Tuesday January 8th, 2002
A few of you have asked for us to post a news item taking your suggestions for the site, so here it is. Tell us all your ideas for what we can do to improve the site. Anything you want we'll think about, but try to keep it realistic.
Just to keep you updated, one of the things we're planning on working on is getting the ChromeZone up again, if we can find some volunteer editors to help organize themes. If you're interested, please email me and I'll get back to you sometime this week.
UPDATE! Right now we're working on dumping all the tables and other old HTML within the site to both show off Mozilla's skills, and to get our file sizes smaller. If you're using Communicator to view the site, you'll notice everything looking pretty ugly, thanks to the poor CSS support it offers. If you're using IE, it'll look a bit better, but thanks to IE's lacking CSS2 support, the sidebar will show up incorrectly. We've completely redone the homepage and talkback code, and we'll be working on the forums next.
UPDATE 2! We discovered Google's great "Search Site" feature, and have added it. Right now it has most areas of the site indexed except news item talkback pages. It will start indexing talkback today, and will hopefully add all of the old items, in addition to picking up the new ones.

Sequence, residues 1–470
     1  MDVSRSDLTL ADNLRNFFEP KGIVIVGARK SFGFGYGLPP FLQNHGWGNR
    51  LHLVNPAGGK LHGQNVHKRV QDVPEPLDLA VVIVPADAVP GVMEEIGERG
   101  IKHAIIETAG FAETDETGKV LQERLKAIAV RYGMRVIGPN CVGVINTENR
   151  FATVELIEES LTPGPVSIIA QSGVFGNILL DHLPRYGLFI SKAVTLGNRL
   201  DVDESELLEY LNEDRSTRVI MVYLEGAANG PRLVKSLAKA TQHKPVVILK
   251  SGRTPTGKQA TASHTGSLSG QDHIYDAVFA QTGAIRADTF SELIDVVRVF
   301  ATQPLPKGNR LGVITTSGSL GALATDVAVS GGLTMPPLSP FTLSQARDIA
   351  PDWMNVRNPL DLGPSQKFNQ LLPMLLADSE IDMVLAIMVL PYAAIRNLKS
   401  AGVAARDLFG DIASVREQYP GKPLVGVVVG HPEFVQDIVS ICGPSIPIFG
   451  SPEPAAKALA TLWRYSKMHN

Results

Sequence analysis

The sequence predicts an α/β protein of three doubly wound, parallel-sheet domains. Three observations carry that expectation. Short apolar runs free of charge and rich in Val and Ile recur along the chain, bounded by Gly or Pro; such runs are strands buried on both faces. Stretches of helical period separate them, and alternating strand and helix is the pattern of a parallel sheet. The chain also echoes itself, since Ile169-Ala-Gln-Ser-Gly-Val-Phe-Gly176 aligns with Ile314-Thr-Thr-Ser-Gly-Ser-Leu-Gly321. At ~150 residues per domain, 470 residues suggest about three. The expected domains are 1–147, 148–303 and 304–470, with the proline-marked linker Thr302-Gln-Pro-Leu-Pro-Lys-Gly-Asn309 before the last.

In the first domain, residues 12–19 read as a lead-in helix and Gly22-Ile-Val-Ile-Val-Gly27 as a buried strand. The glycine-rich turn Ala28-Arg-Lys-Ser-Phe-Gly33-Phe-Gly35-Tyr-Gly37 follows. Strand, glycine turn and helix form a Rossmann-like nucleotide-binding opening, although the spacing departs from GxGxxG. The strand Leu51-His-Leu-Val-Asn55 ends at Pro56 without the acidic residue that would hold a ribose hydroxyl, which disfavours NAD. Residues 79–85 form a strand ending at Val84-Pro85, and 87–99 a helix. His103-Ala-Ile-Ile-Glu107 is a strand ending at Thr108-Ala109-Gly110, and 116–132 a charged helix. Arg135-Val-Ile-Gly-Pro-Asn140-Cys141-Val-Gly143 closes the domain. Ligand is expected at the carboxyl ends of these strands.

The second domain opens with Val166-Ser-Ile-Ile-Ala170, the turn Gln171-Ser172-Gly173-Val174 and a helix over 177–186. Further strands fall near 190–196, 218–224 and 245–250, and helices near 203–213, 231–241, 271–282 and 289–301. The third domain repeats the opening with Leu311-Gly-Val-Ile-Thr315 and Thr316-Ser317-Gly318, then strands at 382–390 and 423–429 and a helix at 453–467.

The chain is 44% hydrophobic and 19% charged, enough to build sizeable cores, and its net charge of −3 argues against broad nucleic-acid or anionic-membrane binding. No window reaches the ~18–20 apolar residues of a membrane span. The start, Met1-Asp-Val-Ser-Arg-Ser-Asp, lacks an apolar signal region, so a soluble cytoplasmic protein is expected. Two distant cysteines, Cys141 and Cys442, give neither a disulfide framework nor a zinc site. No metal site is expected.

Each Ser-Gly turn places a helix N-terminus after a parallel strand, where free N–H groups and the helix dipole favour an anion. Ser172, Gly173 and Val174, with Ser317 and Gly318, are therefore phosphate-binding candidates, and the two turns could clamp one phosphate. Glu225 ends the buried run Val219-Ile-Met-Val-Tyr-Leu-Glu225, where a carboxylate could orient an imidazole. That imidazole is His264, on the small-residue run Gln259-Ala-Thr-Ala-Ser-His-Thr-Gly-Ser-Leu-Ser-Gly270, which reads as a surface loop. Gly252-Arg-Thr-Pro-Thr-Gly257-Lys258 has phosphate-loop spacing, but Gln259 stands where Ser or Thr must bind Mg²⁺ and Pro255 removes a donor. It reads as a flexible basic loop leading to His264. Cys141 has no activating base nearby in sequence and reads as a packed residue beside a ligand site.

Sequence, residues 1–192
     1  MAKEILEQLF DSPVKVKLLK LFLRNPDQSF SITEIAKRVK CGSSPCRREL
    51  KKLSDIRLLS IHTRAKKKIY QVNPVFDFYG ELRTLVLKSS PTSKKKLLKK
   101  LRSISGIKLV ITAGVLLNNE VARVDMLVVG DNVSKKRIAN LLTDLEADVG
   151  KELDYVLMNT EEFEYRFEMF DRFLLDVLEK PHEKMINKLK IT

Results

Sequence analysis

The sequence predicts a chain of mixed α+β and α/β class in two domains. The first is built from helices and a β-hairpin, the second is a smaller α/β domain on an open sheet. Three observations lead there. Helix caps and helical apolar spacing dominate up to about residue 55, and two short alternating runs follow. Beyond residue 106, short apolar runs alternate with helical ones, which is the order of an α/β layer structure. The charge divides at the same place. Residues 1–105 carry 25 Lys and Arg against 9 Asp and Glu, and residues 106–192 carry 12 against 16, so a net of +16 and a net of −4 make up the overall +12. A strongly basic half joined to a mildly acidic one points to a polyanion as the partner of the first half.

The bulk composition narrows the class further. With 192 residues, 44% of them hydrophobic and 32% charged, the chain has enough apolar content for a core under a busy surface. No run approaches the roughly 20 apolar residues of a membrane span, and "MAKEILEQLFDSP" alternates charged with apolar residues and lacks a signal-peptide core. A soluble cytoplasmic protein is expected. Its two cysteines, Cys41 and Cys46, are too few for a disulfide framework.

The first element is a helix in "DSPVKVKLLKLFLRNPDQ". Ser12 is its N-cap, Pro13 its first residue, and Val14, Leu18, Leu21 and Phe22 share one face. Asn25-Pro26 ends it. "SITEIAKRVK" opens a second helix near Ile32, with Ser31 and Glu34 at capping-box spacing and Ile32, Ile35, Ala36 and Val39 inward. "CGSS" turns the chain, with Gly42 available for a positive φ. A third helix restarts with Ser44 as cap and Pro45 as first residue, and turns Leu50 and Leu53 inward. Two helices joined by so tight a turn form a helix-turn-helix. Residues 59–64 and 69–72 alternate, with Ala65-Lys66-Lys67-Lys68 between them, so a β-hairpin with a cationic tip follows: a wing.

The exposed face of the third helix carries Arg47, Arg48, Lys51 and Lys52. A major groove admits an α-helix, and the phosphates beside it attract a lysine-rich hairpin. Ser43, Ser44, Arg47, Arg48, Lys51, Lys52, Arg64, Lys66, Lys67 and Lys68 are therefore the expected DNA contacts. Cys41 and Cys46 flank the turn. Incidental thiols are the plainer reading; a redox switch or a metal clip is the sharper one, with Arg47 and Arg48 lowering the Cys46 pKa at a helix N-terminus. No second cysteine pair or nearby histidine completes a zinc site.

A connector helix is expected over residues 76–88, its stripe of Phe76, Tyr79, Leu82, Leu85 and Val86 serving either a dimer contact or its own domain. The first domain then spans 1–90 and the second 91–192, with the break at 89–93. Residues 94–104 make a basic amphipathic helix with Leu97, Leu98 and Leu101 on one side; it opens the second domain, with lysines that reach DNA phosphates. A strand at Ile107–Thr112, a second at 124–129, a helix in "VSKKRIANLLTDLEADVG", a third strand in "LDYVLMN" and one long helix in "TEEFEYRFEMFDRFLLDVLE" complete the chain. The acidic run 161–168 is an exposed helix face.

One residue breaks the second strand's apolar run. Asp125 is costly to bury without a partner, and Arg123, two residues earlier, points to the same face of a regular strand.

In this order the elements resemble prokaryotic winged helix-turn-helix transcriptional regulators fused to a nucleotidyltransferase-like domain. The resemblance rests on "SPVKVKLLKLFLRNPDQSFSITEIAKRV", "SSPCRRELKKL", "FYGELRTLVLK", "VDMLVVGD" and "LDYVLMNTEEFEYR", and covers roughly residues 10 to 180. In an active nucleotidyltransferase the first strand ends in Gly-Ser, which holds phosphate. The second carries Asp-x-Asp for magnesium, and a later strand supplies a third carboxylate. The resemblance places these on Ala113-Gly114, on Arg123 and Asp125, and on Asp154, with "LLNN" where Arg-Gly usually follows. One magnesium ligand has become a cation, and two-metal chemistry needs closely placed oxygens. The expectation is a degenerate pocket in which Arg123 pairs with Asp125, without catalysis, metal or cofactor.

UPDATE 3! We've been working hard to get as many of your suggestions as possible implemented, and we encourage you to continue the feedback. You can check this article's responses for what items we have fixed, or are working on.
#103 The difference is standards.
Sunday January 13th, 2002 7:15 PM
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The difference is that ActiveX is a proprietary technology that belongs to one company, while CSS is an open standard developed by the organization in charge of defining the way the web works. I'll readily admit to being a purist rather than a pragmatist, but to me, once this site's pages are all made correctly according to the official HTML specs, then the problem becomes that IE is a broken browser, and complaints should be directed to Microsoft to support the specs properly, and not to the site owner for writing correct code.
Now, to take a more pragmatic tone, once the site has been brought up to W3C spec, if there are bandwidth and time efficient ways to make the site look better on IE6, they're probably worth looking into. Supposedly, it does support HTML4 and CSS1 pretty well, so there's probably a way to make it work on both.